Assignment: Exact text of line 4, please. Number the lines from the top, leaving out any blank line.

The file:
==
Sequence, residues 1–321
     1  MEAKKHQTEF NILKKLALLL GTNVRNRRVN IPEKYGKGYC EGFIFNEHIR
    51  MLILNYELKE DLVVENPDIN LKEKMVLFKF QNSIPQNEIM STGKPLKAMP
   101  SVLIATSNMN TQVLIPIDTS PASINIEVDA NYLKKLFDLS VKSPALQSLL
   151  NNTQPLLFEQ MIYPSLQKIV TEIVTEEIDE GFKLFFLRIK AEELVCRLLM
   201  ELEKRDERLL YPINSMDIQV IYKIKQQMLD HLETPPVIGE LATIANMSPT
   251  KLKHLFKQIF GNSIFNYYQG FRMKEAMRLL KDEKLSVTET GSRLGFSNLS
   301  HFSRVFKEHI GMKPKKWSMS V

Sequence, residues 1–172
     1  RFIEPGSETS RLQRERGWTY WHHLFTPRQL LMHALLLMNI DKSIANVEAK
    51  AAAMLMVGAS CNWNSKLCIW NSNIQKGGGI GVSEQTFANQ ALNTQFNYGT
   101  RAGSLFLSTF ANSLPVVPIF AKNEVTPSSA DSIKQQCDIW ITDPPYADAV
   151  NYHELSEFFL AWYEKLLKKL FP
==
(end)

   101  SVLIATSNMN TQVLIPIDTS PASINIEVDA NYLKKLFDLS VKSPALQSLL